NASA’s Mars rover Opportunity has found bright veins of a mineral, apparently gypsum, deposited by water near the rim of Endeavour Crater. The discovery was presented yesterday at the American Geophysical Union’s conference in San Francisco.

“This tells a slam-dunk story that water flowed through underground fractures in the rock,” said Steve Squyres of Cornell University, Ithaca, N.Y., principal investigator for Opportunity. “This stuff is a fairly pure chemical deposit that formed in place right where we see it.1 It’s the kind of thing that makes geologists jump out of their chairs.”

The vein examined most closely by Opportunity is about the width of a human thumb (1 to 2 centimeters) and 40 to 50 centimeters long. Observations by the rover reveal this vein and others like it within an apron surrounding the rim of Endeavour Crater. Nothing like it was seen in the 33 kilometers of crater-pocked plains that Opportunity explored for 90 months before it reached Endeavour, nor in the higher ground of the crater’s rim.2

Last month, researchers used the Microscopic Imager and Alpha Particle X-ray Spectrometer on the rover’s arm and multiple filters of the Panoramic Camera on the rover’s mast to examine the vein, which is informally named “Homestake.” The spectrometer identified plentiful calcium and sulfur, in a ratio pointing to relatively pure calcium sulfate.

Calcium sulfate can exist in many forms varying by how much water is bound into the minerals’ crystalline structure. The multi-filter data from the camera suggest gypsum, a hydrated calcium sulfate. On Earth, gypsum is used for making drywall and plaster of Paris.
Observations from orbit had detected gypsum on Mars previously. A dune field of windblown gypsum on far northern Mars resembles the glistening gypsum dunes in White Sands National Monument in New Mexico. The origin of that windblown gypsum is, however, uncertain.

“It is a mystery where gypsum sand on northern Mars comes from,” said Opportunity science-team member Benton Clark of the Space Science Institute in Boulder, Colo. “At Homestake, however, we see the mineral right where it formed. It will be important to see if there are deposits like this in other areas of Mars.”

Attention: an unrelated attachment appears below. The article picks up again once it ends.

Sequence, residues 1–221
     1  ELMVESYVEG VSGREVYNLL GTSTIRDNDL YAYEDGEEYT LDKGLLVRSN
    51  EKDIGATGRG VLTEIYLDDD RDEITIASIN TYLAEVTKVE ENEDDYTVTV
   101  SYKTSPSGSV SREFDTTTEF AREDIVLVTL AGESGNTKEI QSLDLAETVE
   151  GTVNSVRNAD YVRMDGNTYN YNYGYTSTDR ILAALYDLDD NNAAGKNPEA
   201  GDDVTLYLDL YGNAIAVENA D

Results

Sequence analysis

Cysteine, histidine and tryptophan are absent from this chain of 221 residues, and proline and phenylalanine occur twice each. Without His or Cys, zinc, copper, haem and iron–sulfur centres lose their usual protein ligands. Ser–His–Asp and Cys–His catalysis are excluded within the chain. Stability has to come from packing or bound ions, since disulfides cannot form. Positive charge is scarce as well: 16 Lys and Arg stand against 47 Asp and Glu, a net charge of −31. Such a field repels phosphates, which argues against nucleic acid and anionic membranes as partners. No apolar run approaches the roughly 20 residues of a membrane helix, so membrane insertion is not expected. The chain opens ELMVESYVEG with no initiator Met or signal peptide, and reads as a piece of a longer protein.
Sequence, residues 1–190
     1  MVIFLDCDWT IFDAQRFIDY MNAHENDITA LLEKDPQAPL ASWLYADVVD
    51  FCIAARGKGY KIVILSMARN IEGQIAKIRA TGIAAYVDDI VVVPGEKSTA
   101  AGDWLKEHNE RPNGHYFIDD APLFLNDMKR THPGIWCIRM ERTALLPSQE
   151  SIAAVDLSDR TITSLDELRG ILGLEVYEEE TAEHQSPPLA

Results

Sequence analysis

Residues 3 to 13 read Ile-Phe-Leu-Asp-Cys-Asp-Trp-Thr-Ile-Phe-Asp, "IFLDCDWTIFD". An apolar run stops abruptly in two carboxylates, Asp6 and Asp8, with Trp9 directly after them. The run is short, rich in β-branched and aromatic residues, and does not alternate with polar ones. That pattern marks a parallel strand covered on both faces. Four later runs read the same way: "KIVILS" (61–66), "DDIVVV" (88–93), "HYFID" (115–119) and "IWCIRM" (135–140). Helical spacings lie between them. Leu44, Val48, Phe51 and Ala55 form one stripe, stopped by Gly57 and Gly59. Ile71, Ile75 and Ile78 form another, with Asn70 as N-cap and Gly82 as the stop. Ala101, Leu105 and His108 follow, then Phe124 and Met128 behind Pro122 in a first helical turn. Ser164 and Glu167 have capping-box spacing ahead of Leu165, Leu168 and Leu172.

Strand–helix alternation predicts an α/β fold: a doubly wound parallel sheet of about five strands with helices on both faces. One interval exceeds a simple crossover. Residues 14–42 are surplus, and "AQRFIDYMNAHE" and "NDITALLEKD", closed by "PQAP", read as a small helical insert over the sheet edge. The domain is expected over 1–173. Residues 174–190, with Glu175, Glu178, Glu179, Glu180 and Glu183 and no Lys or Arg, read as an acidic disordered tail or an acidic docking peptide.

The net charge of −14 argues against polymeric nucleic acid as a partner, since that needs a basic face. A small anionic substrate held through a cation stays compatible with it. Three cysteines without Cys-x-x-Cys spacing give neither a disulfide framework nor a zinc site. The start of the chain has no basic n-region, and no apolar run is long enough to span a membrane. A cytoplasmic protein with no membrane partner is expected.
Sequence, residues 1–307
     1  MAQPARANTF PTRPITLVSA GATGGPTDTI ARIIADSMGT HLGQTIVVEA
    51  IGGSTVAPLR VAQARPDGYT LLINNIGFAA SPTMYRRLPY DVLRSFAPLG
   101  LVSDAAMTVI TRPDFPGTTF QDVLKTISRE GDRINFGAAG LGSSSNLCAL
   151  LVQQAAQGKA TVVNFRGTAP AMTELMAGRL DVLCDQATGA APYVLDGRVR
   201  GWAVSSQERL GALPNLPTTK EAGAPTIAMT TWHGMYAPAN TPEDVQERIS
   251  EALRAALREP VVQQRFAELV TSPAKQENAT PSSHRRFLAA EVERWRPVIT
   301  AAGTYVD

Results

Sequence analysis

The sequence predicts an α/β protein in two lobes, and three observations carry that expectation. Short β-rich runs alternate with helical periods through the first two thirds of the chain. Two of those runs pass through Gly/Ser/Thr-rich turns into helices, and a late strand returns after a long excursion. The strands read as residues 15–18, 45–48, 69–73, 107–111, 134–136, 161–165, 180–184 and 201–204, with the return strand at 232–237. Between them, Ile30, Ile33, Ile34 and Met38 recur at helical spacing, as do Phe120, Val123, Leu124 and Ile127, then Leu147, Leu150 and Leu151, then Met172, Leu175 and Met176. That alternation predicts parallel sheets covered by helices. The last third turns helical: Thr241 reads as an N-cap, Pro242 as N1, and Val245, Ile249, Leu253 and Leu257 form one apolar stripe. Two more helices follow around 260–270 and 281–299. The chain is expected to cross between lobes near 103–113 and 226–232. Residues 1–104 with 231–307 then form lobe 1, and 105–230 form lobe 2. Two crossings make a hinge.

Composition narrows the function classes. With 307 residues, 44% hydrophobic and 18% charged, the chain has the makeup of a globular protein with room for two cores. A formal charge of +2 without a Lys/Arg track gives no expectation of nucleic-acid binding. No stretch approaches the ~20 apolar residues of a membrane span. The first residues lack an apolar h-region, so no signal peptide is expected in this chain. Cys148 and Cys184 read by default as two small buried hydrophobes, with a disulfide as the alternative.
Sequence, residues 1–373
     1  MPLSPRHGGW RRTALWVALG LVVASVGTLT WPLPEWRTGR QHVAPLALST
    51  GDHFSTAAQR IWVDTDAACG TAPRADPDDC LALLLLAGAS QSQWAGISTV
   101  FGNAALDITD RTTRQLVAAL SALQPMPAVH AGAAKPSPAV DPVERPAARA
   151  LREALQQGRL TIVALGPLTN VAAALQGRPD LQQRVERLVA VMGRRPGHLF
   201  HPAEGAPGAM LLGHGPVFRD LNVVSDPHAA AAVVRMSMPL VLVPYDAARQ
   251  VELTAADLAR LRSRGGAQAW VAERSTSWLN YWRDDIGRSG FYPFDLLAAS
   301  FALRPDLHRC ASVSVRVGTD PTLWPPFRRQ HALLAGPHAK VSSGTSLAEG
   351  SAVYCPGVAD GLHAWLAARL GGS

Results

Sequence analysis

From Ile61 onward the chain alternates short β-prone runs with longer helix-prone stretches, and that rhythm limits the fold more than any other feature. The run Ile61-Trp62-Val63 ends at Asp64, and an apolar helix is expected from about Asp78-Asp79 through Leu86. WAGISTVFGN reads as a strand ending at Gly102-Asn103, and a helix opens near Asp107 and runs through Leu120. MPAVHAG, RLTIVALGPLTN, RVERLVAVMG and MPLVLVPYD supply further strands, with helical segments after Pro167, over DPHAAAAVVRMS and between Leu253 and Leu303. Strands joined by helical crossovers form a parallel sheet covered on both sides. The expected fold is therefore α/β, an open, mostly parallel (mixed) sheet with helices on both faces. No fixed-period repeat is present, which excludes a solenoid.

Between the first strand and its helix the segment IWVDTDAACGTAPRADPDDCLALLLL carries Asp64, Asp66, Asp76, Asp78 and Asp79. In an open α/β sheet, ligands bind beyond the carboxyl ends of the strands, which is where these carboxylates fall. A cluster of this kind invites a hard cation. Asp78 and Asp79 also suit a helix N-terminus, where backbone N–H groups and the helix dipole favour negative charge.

The Homestake deposit, whether gypsum or another form of calcium sulfate, likely formed from water dissolving calcium out of volcanic rocks. The calcium combined with sulfur that was either leached from the rocks or introduced as volcanic gas, and it was deposited as calcium sulfate into an underground fracture that later became exposed at the surface.

The discovery of gypsum fits the emerging picture of an ancient wet environment. Throughout Opportunity’s long traverse across Mars’ Meridiani plain, the rover has driven over bedrock composed of magnesium, iron and calcium sulfate minerals that also indicate the presence of water billions of years ago. The highly concentrated calcium sulfate at Homestake could have been produced in conditions more neutral than the harshly acidic conditions indicated by the other sulfate deposits observed by Opportunity.

“It could have formed in a different type of water environment, one more hospitable for a larger variety of living organisms,” Clark said.

Opportunity has been exploring Mars for nearly 8 years, far exceeding than the rover’s original 3-month mission, which began in 2004. Gypsum veins are just the latest example of an important discovery about wet environments on ancient Mars that may have been favorable for supporting microbial life. Opportunity’s equally productive twin, Spirit, stopped communicating in 2010. Opportunity continues exploring, currently heading to a sun-facing slope on the northern end of the Endeavour rim fragment called “Cape York” to keep its solar panels at a favorable angle during the mission’s fifth Martian winter.